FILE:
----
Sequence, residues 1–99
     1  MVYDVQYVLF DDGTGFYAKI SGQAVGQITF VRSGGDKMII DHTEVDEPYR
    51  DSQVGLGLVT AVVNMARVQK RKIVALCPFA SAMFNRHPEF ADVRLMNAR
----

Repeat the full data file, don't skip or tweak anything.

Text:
Sequence, residues 1–99
     1  MVYDVQYVLF DDGTGFYAKI SGQAVGQITF VRSGGDKMII DHTEVDEPYR
    51  DSQVGLGLVT AVVNMARVQK RKIVALCPFA SAMFNRHPEF ADVRLMNAR